Homemade Asthma Remedy
In the United States, there are nearly 23 million Americans who live with asthma, according to the American Lung Association. Asthma is a chronic lung disease that involves inflammation of the airways, making it difficult to breathe. However, there are ways to manage and monitor your asthma. Even though advancements in medicine and technology provide numerous treatment options, adopting a homemade remedy can also help you breathe easier.
What you eat, how much you eat and how you eat can determine the severity of your asthma. For example, people with asthma tend to experience shortness of breath when their stomach is full. According to National Jewish Health, the diaphragm doesn’t work well when the stomach is full. A full-stomach feeling can cause acid reflux and gas that only makes breathing more difficult because of increased inflammation. Instead of filling up when you feel hungry, National Jewish Health recommends eating smaller, frequent meals.
Don’t rush through your meal. Mealtime is a time to relax and enjoy your food. Improper digestion of your food can lead to acid reflux and gas. Remember “breathe evenly” while you’re chewing your food and chew your food slowly. This can help improve digestion and avoid acid reflux. If you need to catch your breath, National Jewish Health says to stop eating and breathe. Drinking water with your meals will help clean out any mucus that may be hindering breathing.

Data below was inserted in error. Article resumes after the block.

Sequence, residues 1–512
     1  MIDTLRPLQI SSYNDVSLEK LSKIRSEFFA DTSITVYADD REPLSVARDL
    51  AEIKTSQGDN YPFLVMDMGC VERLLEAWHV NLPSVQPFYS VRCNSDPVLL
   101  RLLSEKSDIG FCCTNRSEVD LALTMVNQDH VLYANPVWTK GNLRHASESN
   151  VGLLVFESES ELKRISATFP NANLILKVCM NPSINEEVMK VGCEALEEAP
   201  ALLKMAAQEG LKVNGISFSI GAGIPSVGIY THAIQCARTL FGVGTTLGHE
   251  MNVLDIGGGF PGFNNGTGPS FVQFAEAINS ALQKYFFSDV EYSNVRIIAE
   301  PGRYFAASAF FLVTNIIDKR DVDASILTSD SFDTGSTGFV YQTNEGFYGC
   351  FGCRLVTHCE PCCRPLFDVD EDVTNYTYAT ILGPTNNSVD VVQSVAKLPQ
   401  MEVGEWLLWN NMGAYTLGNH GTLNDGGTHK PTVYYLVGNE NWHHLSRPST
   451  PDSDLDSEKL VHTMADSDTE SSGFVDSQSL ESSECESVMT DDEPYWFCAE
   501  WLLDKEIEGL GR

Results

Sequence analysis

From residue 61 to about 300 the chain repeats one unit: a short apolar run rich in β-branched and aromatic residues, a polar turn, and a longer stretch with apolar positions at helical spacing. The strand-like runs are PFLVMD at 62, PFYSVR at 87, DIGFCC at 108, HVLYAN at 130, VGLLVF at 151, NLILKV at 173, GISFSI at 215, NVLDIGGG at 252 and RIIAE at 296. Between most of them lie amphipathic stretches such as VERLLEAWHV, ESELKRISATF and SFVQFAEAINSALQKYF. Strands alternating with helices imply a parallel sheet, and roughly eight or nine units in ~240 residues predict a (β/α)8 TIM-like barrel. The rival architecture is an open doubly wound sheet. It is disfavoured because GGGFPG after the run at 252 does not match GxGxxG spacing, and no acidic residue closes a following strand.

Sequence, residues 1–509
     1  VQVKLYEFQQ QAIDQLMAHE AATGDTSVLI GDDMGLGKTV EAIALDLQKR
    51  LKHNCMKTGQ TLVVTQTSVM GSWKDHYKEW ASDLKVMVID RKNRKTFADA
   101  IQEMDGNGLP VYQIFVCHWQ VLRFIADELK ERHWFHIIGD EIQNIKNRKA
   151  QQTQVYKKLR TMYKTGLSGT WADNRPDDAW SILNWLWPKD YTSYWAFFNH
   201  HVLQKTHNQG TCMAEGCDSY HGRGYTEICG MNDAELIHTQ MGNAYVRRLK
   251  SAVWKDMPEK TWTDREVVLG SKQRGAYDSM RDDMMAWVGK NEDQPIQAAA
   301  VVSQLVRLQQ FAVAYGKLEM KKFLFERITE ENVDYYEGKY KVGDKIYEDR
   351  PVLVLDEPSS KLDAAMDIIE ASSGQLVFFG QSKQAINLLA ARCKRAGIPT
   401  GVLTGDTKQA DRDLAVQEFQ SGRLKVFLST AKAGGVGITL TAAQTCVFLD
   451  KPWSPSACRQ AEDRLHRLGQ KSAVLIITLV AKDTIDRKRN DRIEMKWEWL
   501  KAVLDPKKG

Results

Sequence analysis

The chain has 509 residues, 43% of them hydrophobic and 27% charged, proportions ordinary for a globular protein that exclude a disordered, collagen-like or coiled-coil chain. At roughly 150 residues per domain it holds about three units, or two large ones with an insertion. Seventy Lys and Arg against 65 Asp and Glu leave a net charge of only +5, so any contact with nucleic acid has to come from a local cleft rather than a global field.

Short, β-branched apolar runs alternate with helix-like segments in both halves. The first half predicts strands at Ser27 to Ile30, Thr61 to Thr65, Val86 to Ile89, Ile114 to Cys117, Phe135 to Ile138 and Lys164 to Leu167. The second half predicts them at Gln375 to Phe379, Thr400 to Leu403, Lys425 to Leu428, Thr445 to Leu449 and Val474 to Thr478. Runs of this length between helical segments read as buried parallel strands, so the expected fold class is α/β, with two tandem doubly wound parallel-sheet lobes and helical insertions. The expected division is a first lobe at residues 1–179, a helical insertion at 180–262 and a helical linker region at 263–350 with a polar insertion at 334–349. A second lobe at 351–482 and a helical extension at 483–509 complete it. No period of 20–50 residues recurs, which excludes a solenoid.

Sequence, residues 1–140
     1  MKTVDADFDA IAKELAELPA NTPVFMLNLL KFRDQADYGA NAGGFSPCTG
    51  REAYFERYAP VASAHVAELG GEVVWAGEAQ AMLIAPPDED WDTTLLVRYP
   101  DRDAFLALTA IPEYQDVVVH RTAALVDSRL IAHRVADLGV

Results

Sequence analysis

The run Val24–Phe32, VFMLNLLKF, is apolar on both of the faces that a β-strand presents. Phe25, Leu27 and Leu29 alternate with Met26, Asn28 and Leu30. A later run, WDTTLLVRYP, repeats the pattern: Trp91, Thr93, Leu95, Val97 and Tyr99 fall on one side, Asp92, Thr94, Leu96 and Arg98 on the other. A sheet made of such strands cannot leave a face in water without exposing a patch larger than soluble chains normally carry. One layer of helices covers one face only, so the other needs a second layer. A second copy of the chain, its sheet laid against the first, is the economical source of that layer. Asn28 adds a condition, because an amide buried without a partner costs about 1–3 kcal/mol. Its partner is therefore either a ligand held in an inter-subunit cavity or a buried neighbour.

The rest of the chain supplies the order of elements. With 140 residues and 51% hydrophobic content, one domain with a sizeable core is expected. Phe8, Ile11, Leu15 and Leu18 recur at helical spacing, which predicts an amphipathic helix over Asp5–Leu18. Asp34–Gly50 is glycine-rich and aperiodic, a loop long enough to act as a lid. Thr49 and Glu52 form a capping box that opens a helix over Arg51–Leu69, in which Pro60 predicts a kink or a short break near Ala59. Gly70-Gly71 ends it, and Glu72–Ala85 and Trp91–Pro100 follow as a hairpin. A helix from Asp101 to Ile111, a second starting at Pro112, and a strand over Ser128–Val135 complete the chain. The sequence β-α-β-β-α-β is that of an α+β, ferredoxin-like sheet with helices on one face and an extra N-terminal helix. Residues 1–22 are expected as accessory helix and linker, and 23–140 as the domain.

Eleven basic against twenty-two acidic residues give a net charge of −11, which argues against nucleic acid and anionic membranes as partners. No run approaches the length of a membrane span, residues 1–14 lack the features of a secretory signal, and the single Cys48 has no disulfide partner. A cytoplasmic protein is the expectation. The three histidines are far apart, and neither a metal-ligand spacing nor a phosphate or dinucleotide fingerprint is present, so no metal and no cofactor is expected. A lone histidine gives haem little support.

Certain foods can also cause gas for asthma sufferers. Keeping a food diary of what you eat can help you identify the foods that do and don’t interfere with your asthma. National Jewish Health lists some of the following foods commonly related to causing gas:
Beans (pinto, kidney, navy, black)
Peas (split, black-eyed)
Vitamins C and E work together to help manage inflammation. According to Peaceful Mind, vitamin C protects lung tissue, prevents inflammation, increases air flow and reduces infection. You should take between 600mg and 1000mg of vitamin C supplements twice a day. Vitamin E supports the work of vitamin C. Take 400 IU of vitamin E each day.
Although vitamins C and E are helpful asthma remedies, vitamin D is making news as an effective asthma treatment. The article, “Breathe Right: The Surprising Link between Asthma and Vitamin D,” published by the Alternative Health Journal, highlights a new study published by the Journal of Allergy and Clinical Immunology that says “pregnant women who were vitamin D deficient” were more likely to have a child with asthma. The best source of vitamin D requires about 10 to 15 minutes in the sun three times a week, according to the University of Maryland Medical Center. You can also increase your vitamin D levels by eating foods fortified with vitamin D, such as milk, cheese, fish and certain cereals.